9) The debate about the $19bn Wage Subsidy Scheme rolls on. Today Newsroom’s David Williams reports on criticisms of the Ministry of Social Development for the way they loosely gave out money to businesses that didn’t need it, and then failed to robustly investigate those that might have misused the scheme – see: Billions going begging, litigant philanthropist claims

Professor Jilnaught Wong of the University of Auckland is quoted about his own research: “His conclusion was that some of those companies were receiving the wage subsidy, not suffering the requisite revenue decline, and then paying dividends to shareholders, resulting in a wealth transfer from taxpayers to shareholders of the recipient companies.”

10) The mega-wealthy are also in the spotlight in the Herald today, in terms of New Zealand’s big golf courses for the rich, and whether they represent a social good or bad. Jane Phare writes: “Those on the outside will argue private golf courses are an elite playground for the rich. Those on the inside argue that they want to leave the land in better shape than when they bought it, through native planting, wetlands, open spaces, and trails. Some will make money out of the venture, usually by selling off residential house lots, others won’t. The good operators want to leave a legacy” – see: Living legacy: why rich listers build golf courses (paywalled)

The article profiles all of the elite courses in the country and who owns and plays on them. Here’s one example: “Chinese billionaire Zhaoxi Lu is behind the creation $113m golf course, luxury lodge and a sports academy on a 500ha farm at Muriwai west of Auckland. The 19-hole golf course has been designed by Californian Kyle Phillips and is scheduled to open in 2027. Lu made his money through the giant e-commerce site Alibaba, working with its co-founder Jack Ma. Forbes estimates Lu to be worth $1.6 billion.”

11) The new Government is dealing with how to cut back a large increase in state spending. The NZ Initiative’s Roger Partridge writes in the Herald today about this: “Core government spending in the current year is projected to be 74 per cent higher than when Labour took office in 2017 ($140 billion, compared with $81b in 2017/2018). Adjusting for inflation brings the real percentage increase back to 39 per cent. But even still, most voters would be unable to identify improvements in core public service outcomes - think health, education, or criminal justice – that might justify this increase” – see: Public service cuts needed to help rein in government spending (paywalled)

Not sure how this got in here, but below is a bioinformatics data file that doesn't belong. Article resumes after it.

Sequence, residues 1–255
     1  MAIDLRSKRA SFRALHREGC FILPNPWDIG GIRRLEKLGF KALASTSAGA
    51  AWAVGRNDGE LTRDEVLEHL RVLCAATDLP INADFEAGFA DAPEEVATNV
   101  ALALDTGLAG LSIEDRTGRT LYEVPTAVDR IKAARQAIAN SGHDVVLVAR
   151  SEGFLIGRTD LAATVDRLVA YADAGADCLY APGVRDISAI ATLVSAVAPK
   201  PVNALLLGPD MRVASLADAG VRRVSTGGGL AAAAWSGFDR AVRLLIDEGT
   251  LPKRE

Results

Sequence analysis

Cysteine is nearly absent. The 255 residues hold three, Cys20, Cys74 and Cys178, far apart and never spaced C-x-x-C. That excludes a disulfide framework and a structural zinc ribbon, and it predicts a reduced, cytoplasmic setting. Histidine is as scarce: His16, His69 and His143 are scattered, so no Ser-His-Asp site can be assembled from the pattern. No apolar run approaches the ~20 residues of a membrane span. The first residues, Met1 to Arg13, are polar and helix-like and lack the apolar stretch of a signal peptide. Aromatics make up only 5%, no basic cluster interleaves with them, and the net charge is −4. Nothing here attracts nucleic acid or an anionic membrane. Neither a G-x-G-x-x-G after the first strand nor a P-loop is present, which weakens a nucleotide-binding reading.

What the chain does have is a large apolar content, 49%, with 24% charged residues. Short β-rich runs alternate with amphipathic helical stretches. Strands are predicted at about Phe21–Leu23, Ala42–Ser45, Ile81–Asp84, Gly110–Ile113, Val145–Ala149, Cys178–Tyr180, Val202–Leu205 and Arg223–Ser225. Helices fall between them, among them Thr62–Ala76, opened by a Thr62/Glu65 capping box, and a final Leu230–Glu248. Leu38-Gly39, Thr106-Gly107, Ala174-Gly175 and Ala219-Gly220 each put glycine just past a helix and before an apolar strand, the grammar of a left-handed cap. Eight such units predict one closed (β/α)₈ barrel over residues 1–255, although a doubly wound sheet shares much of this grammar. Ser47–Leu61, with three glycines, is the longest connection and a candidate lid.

Partridge points the finger at government departments as the place to make big cuts: “At the average level of public service income reported by the Public Service Commissioner of $97,200, this increased headcount translates to an increased public sector payroll cost of over $1.5b a year… For example, the number of public service ‘managers’ has increased from 5333 in 2017, to 8059 in 2023 (up 51 per cent); ‘policy analysts’ from 2633 to 3949 (up 50 per cent); and ‘information professionals’ from 5437 to 9426 (up 73 per cent).”

12) The Wellington water crisis is becoming a huge political war for the capital. And today the Post’s Andrea Vance outlines: How Tory Whanau has lost the PR war on water (paywalled)

Here’s Vance’s main point: “Whanau has been invisible during a crisis that is so pronounced a regional state of emergency is among the options should a drinking water disaster have to be declared: : a prosperous metropolis in line to become one of the first modern, major cities to run dry, largely because of political mismanagement. During these weeks of uncertainty, when residents were queuing up to buy storage tanks, Whanau’s communication strategy has centred around her personal problems. We know she has embraced exercise after admitting an alcohol problem last year, and that she had Covid. While it’s great the mayor is getting to the gym more, residents are more concerned about how she’s putting the city right, than about how much she can bench. The mayor may wish to distance herself from problems not of her making. But that’s not leadership. This infrastructure emergency has been building for years, as a 2020 mayoral taskforce made stark. Wellington, and other councils, ignored the problem and refused to invest in crumbling pipes because they neglected to read the political runes and thought Labour’s ill-fated Three Waters regime would absolve them of the responsibility. The current friction between central and local government isn’t serving residents.”

Dr Bryce Edwards is a politics lecturer at Victoria University and director of Critical Politics, a project focused on researching New Zealand politics and society. This article was first published HERE

1 comment:

Anonymous said...

Labour leader told the audience “The policies of this current government encourage, foster, and enable racism in New Zealand and we should call it out for what it is”

Actually no, the policies that have encouraged, fostered and enabled racism in New Zealand are all thanks to you Labour.